Chien Chien Lu’s Path is Solid

Chien Chien Lu is a jazz vibraphonist, contemporary percussionist, and composer from Taiwan who has recently stepped forward as a composer and leader with her own quartet. Classically trained, she started her career as a percussionist, but jazz and other influences led her to the vibraphone and New York.

Chien Chien Lu had her first exposure to music when she started learning the piano at the age of six. At the age of ten, she developed a passion for percussion. In 2008, She joined the world renowned Ju Percussion Group and performed throughout Taiwan, China, Japan, Thailand, Singapore. Chien Chien collaborated with composer Ching-Mei Lin and performed her marimba concerto for six-mallet marimba and in 2014 was awarded as “Emerging Young Artist” for her work with her marimba duo.

In 2017, she graduated with a Master of Music in Jazz Studies from the University of the Arts. In August, she attended the prestigious Banff Jazz Residency under the direction of well-known jazz pianist, Vijay Iyer. Things moved along the following year when she joined Jeremy Pelt’s Quintet and recorded on his critically acclaimed record “Jeremy Pelt The Artist ”.  After the release, she toured extensively with Jeremy Pelt quintet throughout Europe and the U.S.  All the recognition and accomplishment led up to her first solo release this past year, The Path.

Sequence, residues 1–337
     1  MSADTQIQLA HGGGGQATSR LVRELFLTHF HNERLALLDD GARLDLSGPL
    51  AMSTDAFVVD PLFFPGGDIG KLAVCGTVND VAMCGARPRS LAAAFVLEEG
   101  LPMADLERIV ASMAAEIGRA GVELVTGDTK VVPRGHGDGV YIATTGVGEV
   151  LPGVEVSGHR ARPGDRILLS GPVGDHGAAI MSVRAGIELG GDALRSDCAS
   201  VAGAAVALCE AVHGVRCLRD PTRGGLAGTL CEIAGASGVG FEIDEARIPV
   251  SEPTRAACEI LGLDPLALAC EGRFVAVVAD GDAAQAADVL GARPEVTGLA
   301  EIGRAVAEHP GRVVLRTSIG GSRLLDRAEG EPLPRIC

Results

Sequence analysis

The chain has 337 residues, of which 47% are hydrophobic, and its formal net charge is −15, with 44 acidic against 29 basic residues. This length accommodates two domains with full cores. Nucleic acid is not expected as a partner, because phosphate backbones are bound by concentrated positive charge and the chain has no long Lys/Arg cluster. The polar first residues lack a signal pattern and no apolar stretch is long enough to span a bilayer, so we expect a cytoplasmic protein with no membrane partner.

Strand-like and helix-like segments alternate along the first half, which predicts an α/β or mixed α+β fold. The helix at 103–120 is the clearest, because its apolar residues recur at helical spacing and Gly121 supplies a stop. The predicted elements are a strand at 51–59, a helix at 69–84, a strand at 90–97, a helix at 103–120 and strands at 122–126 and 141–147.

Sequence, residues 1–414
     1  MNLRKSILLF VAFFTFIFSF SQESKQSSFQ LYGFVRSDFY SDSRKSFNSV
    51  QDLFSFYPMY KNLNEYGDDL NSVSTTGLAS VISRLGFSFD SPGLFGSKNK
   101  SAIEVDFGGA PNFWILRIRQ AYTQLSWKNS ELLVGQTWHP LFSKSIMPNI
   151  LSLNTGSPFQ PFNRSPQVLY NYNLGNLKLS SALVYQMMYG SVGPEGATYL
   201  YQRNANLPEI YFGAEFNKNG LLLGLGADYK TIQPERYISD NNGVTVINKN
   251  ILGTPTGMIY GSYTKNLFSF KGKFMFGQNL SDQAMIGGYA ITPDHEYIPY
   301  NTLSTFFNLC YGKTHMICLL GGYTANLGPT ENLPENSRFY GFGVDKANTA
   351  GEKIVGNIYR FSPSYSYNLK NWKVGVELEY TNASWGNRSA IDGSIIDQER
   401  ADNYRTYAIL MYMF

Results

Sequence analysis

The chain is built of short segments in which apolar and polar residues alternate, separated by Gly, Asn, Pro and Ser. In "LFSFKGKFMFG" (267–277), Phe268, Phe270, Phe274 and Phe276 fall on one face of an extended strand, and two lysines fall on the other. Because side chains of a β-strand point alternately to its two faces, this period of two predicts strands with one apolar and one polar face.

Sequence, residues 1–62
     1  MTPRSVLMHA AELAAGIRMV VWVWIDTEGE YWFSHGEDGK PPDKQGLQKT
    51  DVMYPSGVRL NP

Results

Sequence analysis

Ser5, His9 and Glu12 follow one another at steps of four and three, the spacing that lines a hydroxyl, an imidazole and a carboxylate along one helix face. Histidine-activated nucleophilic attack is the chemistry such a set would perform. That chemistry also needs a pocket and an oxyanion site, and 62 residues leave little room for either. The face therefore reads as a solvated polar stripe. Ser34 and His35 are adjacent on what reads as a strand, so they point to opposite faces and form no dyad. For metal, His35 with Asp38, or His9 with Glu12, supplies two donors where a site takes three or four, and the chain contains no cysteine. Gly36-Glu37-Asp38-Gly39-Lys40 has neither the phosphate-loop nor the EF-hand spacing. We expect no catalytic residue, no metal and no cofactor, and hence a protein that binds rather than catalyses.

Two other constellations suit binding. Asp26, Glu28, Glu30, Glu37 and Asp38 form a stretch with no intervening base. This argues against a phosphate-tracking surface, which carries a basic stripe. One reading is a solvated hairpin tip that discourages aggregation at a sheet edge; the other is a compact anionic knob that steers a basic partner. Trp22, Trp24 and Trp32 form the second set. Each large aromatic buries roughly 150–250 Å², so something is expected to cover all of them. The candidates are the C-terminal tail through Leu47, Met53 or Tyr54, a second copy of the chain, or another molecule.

The Path stars with a tribute to one of America’s best known jazz-funk vibraphonists, Roy Ayers’ on “We Live in Brooklyn Baby”. Arranging an Ayers tune falls right in Chien Chien’s wheelhouse. While a grad student at Philadelphia’s University of the Arts, she joined Philly-favorites Vertical Current in an Ayers tribute show. Few combined jazz, funk and soul quite like Ayers, and if  The Path is an indication, Ayers’ universalist approach to genre is something Chien Chien aspires to.  She ends the album with the organ-soaked tune “Mo’ Better Blues” made famous by Branford Marsalis from the movie soundtrack of the same name.  The vibes have once again come to the forefront of jazz with other young players including Stefon Harris and Warren Wolf, but Chien Chien draws from the masters as well including Milt Jackson and Roy Ayers.  From classical to jazz, from classic to contemporary, from Taiwan to the U.S., Lu seems to have a very solid footing on her current path.   – Carol Handley/Jazz24.org.

 

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